At first the armament consisted of a single Lewis gun mounted in various ways above the center section: later the Lewis gun was either replaced or augmented by mechanically synchronized Vickers gun fixed centrally in front of the pilot or offset to starboard. British Nieuport 17s carried a Lewis gun on an improved sliding rail mounting invented by Sergeant Foster of No. 11 Squadron. R.F.C. For balloon attacks Le Prieur rockets were fitted to the interplane struts.
The Nieuport 17 reached the front in March 1916 and gradually replaced the 'Bebe' in French fighter units. Many famous French pilots flew the type. The early Fokker and Halberstadt D-types were inferior to the agile, fast-climbing little machine, and in desperation the Germans ordered the Nieuport to be copied. Not until the Albatros D-I came out in September were they able to find a match for the 15 meter'.
Only six of the type were on the strength of the British Flying Corps on July 1st. 1916; more were soon obtained. however, for it became obvious that there would be no new British fighters for many months. By the early spring 1917 four R.F.C. squadrons. Nos. 1, 29, 40 and 60 were partially equipped with the 17.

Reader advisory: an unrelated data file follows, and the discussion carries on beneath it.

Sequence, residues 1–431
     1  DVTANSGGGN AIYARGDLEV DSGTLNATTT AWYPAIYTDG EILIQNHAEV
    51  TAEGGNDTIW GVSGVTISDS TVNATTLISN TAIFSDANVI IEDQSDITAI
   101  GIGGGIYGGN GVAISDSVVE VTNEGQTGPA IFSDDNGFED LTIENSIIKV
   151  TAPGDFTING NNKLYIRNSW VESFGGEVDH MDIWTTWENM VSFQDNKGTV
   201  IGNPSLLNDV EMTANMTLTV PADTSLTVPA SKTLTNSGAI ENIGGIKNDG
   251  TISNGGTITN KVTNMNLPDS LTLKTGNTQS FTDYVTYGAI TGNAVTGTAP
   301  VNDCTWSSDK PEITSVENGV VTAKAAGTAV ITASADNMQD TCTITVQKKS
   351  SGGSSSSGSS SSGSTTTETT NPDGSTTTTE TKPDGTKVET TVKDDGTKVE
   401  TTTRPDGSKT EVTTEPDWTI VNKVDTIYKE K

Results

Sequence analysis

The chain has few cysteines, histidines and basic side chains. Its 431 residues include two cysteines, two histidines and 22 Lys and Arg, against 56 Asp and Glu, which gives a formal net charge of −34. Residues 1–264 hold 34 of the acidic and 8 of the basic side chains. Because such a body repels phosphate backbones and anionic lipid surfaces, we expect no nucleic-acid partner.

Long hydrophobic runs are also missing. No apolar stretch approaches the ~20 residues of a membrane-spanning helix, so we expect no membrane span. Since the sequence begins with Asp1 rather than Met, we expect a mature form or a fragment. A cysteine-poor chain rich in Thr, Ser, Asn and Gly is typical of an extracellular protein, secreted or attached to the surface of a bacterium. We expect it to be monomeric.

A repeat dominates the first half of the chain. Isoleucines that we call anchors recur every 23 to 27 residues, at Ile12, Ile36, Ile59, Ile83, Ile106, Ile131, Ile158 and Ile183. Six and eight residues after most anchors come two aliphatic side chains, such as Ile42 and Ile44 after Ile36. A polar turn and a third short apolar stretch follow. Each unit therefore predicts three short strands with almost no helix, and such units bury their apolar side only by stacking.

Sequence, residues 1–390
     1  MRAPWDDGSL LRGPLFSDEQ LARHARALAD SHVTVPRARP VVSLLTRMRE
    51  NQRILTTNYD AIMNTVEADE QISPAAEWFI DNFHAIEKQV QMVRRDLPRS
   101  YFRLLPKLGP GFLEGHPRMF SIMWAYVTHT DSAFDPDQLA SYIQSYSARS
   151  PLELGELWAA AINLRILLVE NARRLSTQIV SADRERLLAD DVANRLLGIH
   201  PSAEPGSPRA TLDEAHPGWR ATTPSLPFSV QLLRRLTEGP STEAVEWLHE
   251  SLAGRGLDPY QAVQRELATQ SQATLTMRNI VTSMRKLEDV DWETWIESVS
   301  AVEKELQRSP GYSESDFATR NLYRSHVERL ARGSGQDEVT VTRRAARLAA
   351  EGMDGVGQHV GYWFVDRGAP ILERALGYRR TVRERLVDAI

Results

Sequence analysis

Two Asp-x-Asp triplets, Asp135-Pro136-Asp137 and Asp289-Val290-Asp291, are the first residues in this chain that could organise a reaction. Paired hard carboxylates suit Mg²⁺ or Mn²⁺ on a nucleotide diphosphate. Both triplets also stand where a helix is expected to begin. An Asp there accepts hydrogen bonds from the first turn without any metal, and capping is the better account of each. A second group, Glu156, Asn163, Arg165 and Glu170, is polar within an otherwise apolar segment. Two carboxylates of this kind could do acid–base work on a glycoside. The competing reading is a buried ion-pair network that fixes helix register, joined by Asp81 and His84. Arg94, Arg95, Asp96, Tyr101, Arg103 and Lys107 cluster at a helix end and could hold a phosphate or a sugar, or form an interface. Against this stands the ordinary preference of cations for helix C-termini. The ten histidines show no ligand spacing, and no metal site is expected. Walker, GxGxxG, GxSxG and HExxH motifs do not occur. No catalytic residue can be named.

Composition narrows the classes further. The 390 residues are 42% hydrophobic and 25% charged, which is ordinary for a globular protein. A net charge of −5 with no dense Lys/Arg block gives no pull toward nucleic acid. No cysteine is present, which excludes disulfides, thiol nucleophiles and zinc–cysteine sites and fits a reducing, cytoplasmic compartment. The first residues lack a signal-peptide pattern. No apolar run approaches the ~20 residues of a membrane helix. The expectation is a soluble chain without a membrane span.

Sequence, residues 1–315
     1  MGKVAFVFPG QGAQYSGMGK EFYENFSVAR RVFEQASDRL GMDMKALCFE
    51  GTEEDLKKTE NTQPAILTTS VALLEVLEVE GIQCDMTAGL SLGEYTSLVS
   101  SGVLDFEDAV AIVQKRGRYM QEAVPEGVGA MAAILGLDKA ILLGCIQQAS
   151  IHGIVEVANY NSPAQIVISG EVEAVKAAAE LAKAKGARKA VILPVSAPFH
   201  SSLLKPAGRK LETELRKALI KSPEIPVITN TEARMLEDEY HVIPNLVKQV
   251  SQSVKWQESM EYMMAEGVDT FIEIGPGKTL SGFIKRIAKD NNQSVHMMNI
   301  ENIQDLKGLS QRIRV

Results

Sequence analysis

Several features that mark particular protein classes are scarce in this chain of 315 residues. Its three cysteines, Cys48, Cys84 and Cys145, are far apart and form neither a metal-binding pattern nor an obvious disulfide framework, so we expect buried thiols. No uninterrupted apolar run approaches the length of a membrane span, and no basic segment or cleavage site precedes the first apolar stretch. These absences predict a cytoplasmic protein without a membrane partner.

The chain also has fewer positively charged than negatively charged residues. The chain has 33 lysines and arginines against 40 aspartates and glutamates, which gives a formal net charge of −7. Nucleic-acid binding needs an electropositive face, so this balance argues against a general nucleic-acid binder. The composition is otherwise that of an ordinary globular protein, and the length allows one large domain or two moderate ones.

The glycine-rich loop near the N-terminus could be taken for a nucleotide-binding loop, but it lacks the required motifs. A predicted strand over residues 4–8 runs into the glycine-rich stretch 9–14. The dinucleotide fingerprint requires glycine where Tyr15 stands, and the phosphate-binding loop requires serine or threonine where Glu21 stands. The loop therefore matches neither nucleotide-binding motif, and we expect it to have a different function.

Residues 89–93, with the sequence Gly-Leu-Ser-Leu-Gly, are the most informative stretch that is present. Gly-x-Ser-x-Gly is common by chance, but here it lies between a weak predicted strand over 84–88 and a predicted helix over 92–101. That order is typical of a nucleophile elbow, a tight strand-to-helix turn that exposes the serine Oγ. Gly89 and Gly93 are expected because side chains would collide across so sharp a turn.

French-built machines were also supplied to Belgium and Russia. The type was constructed in Italy by Nieuport Macchi and in Russia by the Dux Company, the Russo-Baltic Works and Shchetinin & Company.
Seventy-five Nieuport 17s, purchased by the AEA in September 1917, were used as trainers; one l7bis went to the U.S.A. for evaluation.The Nicuport 21 had the same overall dimensions. It was powered by either the 80 h.p. or 110 h.p. Le Rhone and was used as a trainer by the French, Russians an' Americans. The Type 23(80 or 120 h.p. Le Rhone) which served with French, British and American units, closely resembled the 17, but was slightly heavier. Nieuport Nie 23.
The Nieuport 17 retained the 110 hp Le Rhone used in the Nieuport 16, differing chiefly from earlier Nieuport's in having wings of increased span and area, and was often called the Nieuport 15 or 15-metre, the approximate area of its wings. The Nie's single-spar lower wings had been liable to twist when the aircraft was dived or maneuvered tightly, and a stronger spar was therefore fitted to the Nie 17. In service the Nie 17 became one of the most successful and popular fighting aircraft of the war, both for flying qualities and fighting ability.